Reds need Lamb, young arms to learn from mistakes

Left-hander allows eight runs over 4 1/3 innings in loss to Nats

Reds need Lamb, young arms to learn from mistakes

WASHINGTON -- Much of the Reds' current rebuilding program hinges on developing young starting pitchers. But with young pitchers sometimes comes mistakes. The only thing that's predictable is their unpredictability and subsequent struggles.

In a 12-1 loss to the Nationals on Sunday, Reds starter John Lamb was reasonably in control, then lost his command and couldn't get it back. Lamb opened the fourth inning with three straight walks to load the bases. That was followed by Danny Espinosa's grand slam that put his team down, 5-0.

"I wish I knew," Lamb replied when asked what happened. "I don't go out there intending to walk three guys back-to-back-to-back to start off an inning, let alone any time in a game. And it bit me. It bit us. It's disappointing."

Because his bullpen was gassed and knowing three games vs. the Cubs at Wrigley Field followed, Reds manager Bryan Price stuck with Lamb another inning. In the fifth, Bryce Harper opened with a homer before two runs and another three hits followed.

What can Lamb take from that outing?

"You've got to come back. The next inning he gave up four hits and got knocked out of the game," Price said. "What you learn from it is that can't happen. You can have as disastrous of an inning as you can possibly have, you have to find a way to get back on top of your game and stay out there."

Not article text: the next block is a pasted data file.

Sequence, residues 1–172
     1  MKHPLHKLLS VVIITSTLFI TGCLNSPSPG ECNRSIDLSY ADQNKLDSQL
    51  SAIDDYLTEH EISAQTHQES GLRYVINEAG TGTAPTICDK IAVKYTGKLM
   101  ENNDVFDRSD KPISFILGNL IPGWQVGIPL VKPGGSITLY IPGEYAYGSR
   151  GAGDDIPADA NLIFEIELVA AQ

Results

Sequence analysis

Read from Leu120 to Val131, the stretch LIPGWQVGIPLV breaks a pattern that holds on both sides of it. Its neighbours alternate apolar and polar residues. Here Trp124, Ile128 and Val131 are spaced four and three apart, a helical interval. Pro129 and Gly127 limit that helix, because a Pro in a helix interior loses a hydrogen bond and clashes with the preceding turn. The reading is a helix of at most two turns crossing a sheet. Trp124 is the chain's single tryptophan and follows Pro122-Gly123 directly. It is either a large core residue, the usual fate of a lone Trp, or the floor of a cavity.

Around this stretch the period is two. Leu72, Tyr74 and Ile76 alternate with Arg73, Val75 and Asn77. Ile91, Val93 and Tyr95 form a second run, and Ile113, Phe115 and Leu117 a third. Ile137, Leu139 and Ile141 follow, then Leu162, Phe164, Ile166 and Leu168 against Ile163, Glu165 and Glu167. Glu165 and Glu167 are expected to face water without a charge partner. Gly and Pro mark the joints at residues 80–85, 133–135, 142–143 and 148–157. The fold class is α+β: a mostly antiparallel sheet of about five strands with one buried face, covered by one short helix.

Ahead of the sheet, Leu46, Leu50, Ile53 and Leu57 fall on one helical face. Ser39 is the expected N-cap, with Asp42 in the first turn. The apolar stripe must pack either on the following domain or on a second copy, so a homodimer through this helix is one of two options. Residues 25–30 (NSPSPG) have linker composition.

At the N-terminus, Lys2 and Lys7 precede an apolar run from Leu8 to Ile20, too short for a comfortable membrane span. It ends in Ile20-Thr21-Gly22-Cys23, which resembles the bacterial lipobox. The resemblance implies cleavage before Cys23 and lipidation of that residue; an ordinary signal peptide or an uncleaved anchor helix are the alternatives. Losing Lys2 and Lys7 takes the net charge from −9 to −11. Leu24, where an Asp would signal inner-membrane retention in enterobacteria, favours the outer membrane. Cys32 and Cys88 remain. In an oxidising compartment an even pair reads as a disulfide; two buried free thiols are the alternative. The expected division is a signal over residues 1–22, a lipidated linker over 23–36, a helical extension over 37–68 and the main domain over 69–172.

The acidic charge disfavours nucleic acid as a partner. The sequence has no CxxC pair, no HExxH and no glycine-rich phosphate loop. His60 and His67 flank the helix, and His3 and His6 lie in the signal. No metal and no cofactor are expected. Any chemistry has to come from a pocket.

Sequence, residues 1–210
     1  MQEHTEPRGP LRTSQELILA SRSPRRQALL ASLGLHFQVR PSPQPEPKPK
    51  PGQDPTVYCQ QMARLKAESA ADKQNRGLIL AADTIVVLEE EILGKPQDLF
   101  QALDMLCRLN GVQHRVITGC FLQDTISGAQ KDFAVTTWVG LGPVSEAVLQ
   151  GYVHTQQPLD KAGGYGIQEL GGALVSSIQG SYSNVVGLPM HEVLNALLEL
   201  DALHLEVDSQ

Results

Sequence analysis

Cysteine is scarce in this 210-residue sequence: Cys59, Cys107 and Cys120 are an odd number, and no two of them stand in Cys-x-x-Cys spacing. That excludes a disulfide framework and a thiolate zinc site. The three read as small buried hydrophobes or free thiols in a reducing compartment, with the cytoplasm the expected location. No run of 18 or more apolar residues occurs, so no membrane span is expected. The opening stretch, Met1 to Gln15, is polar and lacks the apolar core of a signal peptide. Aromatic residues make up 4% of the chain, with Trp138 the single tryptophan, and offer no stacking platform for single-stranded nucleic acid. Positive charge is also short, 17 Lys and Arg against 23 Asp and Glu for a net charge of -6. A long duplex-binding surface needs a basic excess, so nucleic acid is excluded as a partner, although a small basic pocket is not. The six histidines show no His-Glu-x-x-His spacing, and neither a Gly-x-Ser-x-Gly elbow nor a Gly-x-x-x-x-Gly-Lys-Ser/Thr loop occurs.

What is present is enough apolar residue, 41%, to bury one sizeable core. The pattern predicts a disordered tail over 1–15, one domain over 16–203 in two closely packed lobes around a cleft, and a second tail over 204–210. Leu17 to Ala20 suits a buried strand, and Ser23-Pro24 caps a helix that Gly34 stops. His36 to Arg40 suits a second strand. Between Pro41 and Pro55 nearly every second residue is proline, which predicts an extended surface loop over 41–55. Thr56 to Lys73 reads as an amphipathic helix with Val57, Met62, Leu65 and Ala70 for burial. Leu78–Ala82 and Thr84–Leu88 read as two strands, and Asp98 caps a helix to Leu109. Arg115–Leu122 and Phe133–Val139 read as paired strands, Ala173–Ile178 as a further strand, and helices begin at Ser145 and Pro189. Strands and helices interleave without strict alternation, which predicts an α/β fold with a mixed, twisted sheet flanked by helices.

Lamb finished with a career high eight earned runs over 4 1/3 innings while allowing eight hits and four walks with five strikeouts and three homers. After 12 starts, he is 1-5 with a 5.43 ERA. He did have a 3.09 ERA over his previous six starts.

Cincinnati has not had back-to-back wins since June 13-14 and has four wins over its last 18 games. There have been nine games in that stretch where the team has allowed seven or more runs.

Without a veteran stopper that eats innings, the pressure is on the young pitchers to get it done while learning on the job.

"We have three pitching coaches here, basically, with a history of about 90 years of coaching experience," Price said referring to himself, pitching coach Mark Riggins and bullpen coach Mack Jenkins. "The part we're coming to terms with in large part, we're preaching a lot of the same stuff you preach to young pitchers in the early stages of player development. And that's command your fastball, be able to throw a changeup for a strike and be able to develop one breaking ball.

"I hate to try and simplify it at this level, but we're really trying to do that because we're extremely scattered in the zone. We've been a high-walk pitching staff and egregious mistakes up in the zone are pitches lifted for home runs and extra-base hits. It's a tough combination."

Reds pitchers lead the Majors with 144 home runs allowed, well ahead of the Twins, who are second with 115. The staff's 364 walks are 58 more than the second-most total owned by the Padres.

"We're certainly going through some struggles that are allowing us to take something out of it," Lamb said. "For me, it's emphasizing today throwing strikes and not giving away free passes."

Mark Sheldon has covered the Reds for MLB.com since 2006, and previously covered the Twins from 2001-05. Read his blog, Mark My Word, follow him on Twitter @m_sheldon and Facebook and listen to his podcast. This story was not subject to the approval of Major League Baseball or its clubs.